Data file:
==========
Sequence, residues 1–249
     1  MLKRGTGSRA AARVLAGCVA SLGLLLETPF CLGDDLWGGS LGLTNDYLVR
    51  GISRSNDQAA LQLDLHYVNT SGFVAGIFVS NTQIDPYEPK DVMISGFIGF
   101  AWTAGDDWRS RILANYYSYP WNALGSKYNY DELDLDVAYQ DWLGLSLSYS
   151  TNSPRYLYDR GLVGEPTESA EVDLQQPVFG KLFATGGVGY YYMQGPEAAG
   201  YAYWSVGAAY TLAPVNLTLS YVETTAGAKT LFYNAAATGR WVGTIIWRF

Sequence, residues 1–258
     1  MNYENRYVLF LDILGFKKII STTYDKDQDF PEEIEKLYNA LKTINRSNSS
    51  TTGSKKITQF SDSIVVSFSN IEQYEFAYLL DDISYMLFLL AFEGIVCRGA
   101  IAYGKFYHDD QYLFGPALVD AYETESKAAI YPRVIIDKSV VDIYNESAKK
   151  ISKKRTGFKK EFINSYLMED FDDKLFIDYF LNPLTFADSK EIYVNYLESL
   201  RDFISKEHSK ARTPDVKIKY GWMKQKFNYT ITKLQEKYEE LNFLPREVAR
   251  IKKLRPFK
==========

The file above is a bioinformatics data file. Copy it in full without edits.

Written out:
Sequence, residues 1–249
     1  MLKRGTGSRA AARVLAGCVA SLGLLLETPF CLGDDLWGGS LGLTNDYLVR
    51  GISRSNDQAA LQLDLHYVNT SGFVAGIFVS NTQIDPYEPK DVMISGFIGF
   101  AWTAGDDWRS RILANYYSYP WNALGSKYNY DELDLDVAYQ DWLGLSLSYS
   151  TNSPRYLYDR GLVGEPTESA EVDLQQPVFG KLFATGGVGY YYMQGPEAAG
   201  YAYWSVGAAY TLAPVNLTLS YVETTAGAKT LFYNAAATGR WVGTIIWRF

Sequence, residues 1–258
     1  MNYENRYVLF LDILGFKKII STTYDKDQDF PEEIEKLYNA LKTINRSNSS
    51  TTGSKKITQF SDSIVVSFSN IEQYEFAYLL DDISYMLFLL AFEGIVCRGA
   101  IAYGKFYHDD QYLFGPALVD AYETESKAAI YPRVIIDKSV VDIYNESAKK
   151  ISKKRTGFKK EFINSYLMED FDDKLFIDYF LNPLTFADSK EIYVNYLESL
   201  RDFISKEHSK ARTPDVKIKY GWMKQKFNYT ITKLQEKYEE LNFLPREVAR
   251  IKKLRPFK